Semiz Mehmed Pasha (1596 – July 1646) was an Ottoman grand vizier and a descendant of Suleiman the Magnificent.
|Grand Vizier of the Ottoman Empire|
31 January 1644 – 17 December 1645
|Preceded by||Kemankeş Kara Mustafa Pasha|
|Succeeded by||Nevesinli Salih Pasha|
|Ottoman Governor of Egypt|
|Preceded by||Gazi Hüseyin Pasha|
|Succeeded by||Nakkaş Mustafa Pasha|
|Died||July 1646 (aged 50)|
He was born in 1596. His father, Sultanzade Abdurrahman Bey, was a son of Ayşe Hümaşah Sultan, daughter of Rüstem Pasha and Mihrimah Sultan. His mother was Ayşe Hanım, a daughter of Cığalazade Yusuf Sinan Pasha. He was a great-great-grandson of Sultan Suleiman the Magnificent and Hurrem Sultan.
In 1637, he was appointed as the governor of Egypt. Three years later, during the reign of İbrahim, he returned to İstanbul as a vizier in the Ottoman divan. In 1641, he was appointed as the governor of Özü (modern Ochakiv in Ukraine) and tasked with capturing the fort of Azak (modern Azov in Russia), which had recently been lost to the Cossacks. He was successful in recapturing the fort. In 1643, he was appointed as the governor of Damascus (in modern Syria). This appointment was probably due to the secret power struggle between him and the grand vizier, Kemankeş Mustafa Pasha.
As Grand VizierEdit
In 1644, he succeeded the grand vizier Kemankeş Mustafa Pasha, who was executed. Kemankeş Mustafa Pasha was a victim of palace intrigues and a quack hodja named Djindji Khodja. Well aware of hodja's influence on the sultan and the tragedy of the previous grand vizier, he was too cautious in governance and became an ineffective grand vizier. He became a yes man of the sultan. According to Lord Kinross, one day the sultan asked why he never opposed any opinion to which he replied, "Every opinion of the sultan has a deep aphorism even if subjects are unable to understand." Although he was against declaring war on the Republic of Venice, his cautious objections were not taken into consideration and the Cretan War (1645–1669) soon began in 1645, which was financially disastrous to both sides.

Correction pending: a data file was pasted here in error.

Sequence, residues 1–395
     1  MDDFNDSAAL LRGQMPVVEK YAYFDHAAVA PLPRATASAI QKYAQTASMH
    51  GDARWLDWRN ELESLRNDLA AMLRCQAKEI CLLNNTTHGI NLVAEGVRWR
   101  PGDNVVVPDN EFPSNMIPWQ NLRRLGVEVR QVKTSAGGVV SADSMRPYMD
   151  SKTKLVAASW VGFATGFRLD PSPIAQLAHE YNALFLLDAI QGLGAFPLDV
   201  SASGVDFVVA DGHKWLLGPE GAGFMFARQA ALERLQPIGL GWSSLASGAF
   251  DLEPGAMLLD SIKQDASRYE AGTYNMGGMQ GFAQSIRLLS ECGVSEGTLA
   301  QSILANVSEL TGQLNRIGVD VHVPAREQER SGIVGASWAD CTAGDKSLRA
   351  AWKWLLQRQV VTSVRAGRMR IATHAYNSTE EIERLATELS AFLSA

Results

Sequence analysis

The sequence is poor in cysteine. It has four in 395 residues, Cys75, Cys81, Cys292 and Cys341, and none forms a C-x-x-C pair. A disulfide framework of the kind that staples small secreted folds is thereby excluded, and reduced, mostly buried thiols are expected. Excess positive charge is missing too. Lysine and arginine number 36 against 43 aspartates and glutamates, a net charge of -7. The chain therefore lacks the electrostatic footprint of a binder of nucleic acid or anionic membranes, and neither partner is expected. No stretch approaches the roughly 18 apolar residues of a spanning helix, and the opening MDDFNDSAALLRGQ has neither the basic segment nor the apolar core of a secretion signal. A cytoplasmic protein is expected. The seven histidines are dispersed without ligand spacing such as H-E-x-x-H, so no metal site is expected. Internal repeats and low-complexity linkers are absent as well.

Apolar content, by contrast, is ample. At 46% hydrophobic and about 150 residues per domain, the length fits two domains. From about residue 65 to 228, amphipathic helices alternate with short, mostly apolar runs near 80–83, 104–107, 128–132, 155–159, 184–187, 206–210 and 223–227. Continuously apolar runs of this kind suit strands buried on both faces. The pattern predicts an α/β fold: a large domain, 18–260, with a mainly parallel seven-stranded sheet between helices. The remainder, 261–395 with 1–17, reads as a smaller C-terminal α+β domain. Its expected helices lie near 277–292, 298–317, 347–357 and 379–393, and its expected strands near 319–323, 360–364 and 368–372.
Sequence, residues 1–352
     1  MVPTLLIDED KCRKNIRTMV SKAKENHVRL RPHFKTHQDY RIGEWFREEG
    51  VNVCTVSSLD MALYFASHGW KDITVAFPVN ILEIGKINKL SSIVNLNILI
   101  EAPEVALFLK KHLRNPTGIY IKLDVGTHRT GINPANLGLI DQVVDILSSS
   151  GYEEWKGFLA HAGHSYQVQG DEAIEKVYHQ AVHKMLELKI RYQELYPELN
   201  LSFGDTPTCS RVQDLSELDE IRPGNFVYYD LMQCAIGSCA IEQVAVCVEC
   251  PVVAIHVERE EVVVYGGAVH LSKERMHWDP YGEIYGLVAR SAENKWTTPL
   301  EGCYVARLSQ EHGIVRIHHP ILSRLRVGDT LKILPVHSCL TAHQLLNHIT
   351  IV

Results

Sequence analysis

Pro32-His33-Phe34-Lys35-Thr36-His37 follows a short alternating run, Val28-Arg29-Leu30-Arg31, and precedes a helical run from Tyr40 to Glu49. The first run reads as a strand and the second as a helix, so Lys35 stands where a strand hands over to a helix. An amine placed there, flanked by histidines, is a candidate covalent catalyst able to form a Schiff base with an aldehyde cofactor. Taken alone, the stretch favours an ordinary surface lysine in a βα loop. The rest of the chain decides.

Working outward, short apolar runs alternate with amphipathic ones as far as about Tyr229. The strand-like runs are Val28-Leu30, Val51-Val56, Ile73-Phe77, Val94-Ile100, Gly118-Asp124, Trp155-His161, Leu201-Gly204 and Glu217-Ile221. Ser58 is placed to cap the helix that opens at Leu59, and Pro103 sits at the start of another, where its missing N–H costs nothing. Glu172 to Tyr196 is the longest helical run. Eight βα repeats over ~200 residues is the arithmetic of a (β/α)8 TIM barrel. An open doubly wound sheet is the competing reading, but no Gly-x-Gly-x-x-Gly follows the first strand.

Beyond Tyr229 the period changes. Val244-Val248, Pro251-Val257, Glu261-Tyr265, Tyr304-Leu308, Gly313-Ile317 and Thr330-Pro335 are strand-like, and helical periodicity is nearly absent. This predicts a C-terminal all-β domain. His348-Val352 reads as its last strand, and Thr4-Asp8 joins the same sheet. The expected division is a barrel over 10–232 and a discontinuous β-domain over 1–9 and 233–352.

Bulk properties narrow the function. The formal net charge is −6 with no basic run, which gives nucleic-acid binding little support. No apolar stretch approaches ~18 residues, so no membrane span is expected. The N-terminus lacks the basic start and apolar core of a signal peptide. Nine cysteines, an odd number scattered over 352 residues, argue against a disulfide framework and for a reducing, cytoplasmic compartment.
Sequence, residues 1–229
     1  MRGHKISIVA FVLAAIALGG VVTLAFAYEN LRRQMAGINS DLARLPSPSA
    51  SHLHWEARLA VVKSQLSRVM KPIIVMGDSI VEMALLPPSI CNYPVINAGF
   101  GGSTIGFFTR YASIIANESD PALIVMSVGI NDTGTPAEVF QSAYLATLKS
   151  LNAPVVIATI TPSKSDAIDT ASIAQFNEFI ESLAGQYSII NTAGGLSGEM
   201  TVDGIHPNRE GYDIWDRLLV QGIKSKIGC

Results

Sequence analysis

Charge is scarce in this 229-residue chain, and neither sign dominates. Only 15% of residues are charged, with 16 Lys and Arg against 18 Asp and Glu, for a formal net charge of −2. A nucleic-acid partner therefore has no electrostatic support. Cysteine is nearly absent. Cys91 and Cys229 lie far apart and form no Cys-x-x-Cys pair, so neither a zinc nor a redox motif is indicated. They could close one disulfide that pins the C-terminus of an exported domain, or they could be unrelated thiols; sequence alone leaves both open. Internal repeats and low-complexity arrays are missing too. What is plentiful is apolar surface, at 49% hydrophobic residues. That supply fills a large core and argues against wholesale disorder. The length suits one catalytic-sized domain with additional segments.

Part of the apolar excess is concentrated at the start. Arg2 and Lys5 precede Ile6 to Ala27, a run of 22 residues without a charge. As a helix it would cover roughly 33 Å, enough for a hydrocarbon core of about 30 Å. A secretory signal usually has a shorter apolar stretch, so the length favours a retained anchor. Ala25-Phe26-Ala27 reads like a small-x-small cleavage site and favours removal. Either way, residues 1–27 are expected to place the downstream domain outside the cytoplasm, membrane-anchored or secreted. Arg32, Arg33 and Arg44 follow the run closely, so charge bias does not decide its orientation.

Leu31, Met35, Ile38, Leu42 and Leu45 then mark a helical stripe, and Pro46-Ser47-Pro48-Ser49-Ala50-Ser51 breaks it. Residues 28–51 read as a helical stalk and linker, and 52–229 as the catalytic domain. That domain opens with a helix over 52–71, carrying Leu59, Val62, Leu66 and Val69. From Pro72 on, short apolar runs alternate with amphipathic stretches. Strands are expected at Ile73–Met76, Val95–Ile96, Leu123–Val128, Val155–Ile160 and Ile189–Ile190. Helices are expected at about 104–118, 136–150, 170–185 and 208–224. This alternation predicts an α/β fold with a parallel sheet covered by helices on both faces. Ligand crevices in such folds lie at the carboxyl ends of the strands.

In 1645, Sultan Ibrahim deposed him. His next mission was on the island of Crete (in modern Greece), which was the theatre of the recently started war as the commander of the army (Turkish: serdar) but he soon died of natural causes.
- ^ a b Mehmet Nermi Haskan (2001). Yüzyıllar boyunca Üsküdar. Üsküdar Belediyesi. p. 532. ISBN 978-975-97606-2-5.
- ^ a b Ayhan Buz: Osmanlı Sadrazamları, Neden Kitap, İstanbul, 2009, ISBN 978-975-254-278-5
- ^ Lord Kinross: The Ottoman centuries (translated by Meral Gaspıralı), Altın Kitaplar, İstanbul, 2008, ISBN 978-975-21-0955-1, p. 306
- ^ Prof. Yaşar Yüce-Prof. Ali Sevim: Türkiye tarihi Cilt III, AKDTYKTTK Yayınları, İstanbul, 1991 p. 90